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Interest Rates And The Future

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Ok, I've found a house and need to arrange my mortgage. I'm having a dilemma as to whether I should go for a fixed or tracker. We plan to pay off the mortgage within 3 years ...5 years max. If all works out and we manage to keep our jobs! My questions:

1. What was the highest interest rate ever?

2. Is it likely interest rates will shoot up to silly levels within 3-5 years?

Thanks for any replies.

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If your going to pay it off in five years get a tracker. It will be cheaper and you'll be paid up quicker. With fixed rates you pay a premium for security, security which by the sounds if it you dont need. Or if your income is such that you can pay off a mortgage so quick, save like mad for a year or so and buy for cash. Save five years of interest payments.

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Ok, I've found a house and need to arrange my mortgage. I'm having a dilemma as to whether I should go for a fixed or tracker. We plan to pay off the mortgage within 3 years ...5 years max. If all works out and we manage to keep our jobs! My questions:

1. What was the highest interest rate ever?

2. Is it likely interest rates will shoot up to silly levels within 3-5 years?

Thanks for any replies.

If what you are saying is true...why don't you wait three to five years, invest your money then buy it for less?

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If you can pay the mortgage off as fast as that taking out a fixed may cost you. However to stand any chance of working this out you need to say how much you will be borrowing. The larger the sum it might be better taking a fix rate deal for 5 years just in case of big rate hikes.

You need to factor in what the current rate is and what it might increase too. If rates say shoot up to 8% a 5% fixed rate deal is going to save you money. If rates stay low and you take out 5% your going to pay out probably thousands you don't need to. Knowing what to do is difficult as it's a gamble either way. Predicting the future is impossible. If in doubt toss a coin.

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If what you are saying is true...why don't you wait three to five years, invest your money then buy it for less?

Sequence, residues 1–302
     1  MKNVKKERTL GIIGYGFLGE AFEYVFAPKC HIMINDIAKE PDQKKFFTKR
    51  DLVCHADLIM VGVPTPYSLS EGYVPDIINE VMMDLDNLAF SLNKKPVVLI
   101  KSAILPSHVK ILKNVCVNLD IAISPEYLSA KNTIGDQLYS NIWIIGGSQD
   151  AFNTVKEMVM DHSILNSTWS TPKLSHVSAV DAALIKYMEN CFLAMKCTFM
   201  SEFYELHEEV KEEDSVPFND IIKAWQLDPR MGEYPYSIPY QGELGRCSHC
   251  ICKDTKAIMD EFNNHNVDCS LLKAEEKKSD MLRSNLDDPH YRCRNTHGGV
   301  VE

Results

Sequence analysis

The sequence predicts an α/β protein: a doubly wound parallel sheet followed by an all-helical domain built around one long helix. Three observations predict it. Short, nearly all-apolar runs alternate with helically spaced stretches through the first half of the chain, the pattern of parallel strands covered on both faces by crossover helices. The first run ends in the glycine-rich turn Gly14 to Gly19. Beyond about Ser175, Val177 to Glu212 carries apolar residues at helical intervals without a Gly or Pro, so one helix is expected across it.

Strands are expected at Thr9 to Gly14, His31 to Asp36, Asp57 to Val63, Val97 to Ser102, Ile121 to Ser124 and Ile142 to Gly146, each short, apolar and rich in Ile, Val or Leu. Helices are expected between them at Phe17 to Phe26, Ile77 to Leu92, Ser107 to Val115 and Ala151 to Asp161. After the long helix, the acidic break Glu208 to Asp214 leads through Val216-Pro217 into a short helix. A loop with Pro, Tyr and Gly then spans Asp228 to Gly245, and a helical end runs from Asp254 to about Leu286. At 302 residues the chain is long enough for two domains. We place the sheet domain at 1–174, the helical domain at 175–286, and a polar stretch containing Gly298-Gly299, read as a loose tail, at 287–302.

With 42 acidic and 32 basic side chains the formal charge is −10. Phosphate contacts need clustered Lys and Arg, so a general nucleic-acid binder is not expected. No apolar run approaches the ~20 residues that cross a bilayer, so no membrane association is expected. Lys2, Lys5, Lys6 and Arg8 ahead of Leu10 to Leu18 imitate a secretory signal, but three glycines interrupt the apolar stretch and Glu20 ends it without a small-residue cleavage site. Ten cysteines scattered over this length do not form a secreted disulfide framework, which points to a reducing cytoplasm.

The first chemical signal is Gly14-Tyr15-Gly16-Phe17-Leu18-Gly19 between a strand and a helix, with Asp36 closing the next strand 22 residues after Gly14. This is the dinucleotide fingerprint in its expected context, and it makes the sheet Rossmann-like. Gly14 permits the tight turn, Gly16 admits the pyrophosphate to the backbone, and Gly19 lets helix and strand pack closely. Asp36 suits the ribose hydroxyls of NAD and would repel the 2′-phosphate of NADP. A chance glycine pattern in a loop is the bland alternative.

Honestly, we can't wait anymore. Been out of the property market nearly 10 years and we have a family now. Wife wants more babies and I just want to keep her happy now.

That was my gut feeling a tracker. Just scared rates will shoot up too quickly. And with Merv, dropping hints, it makes me wonder if he is warning everyone to fix.

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Honestly, we can't wait anymore. Been out of the property market nearly 10 years and we have a family now. Wife wants more babies and I just want to keep her happy now.

That was my gut feeling a tracker. Just scared rates will shoot up too quickly. And with Merv, dropping hints, it makes me wonder if he is warning everyone to fix.

I don't see rates going up soon. They should, but not with another recession on a knife edge. It's all talk from Merv, mainly to shut up the savers.

Don't Barclays do trackers that let you switch and fix at any time? Might be worth a look.

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I don't see rates going up soon. They should, but not with another recession on a knife edge. It's all talk from Merv, mainly to shut up the savers.

Don't Barclays do trackers that let you switch and fix at any time? Might be worth a look.

Thanks for that ...I'll have a look!

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I think the second dip is coming regardless of what they do to rates. When it does come, they'll whack the rates up, otherwise they'll be blamed for causing it in the first place.

They are all gutless pussies, after all.

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If it's only 3-5 years I would go for a flexible mortgage no problem with over paying and no problem if an unexpected bill comes in.

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If you have good enough cashflow to pay it off in 3 years then it won't practially make much difference. I'd got the the cheapest mortgage possible. Depends on your LTV there are deals for 2.29% floating around, and Norwich & Peterbrough will only charge you 2.59% with up to 80% LTV.

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Honestly, we can't wait anymore. Been out of the property market nearly 10 years and we have a family now. Wife wants more babies and I just want to keep her happy now.

That was my gut feeling a tracker. Just scared rates will shoot up too quickly. And with Merv, dropping hints, it makes me wonder if he is warning everyone to fix.

back-to-the-future-6-4-08-2.jpgif you can pay it off that quick, whats it matter ?

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Ok, I've found a house and need to arrange my mortgage. I'm having a dilemma as to whether I should go for a fixed or tracker. We plan to pay off the mortgage within 3 years ...5 years max. If all works out and we manage to keep our jobs! My questions:

1. What was the highest interest rate ever?

2. Is it likely interest rates will shoot up to silly levels within 3-5 years?

Thanks for any replies.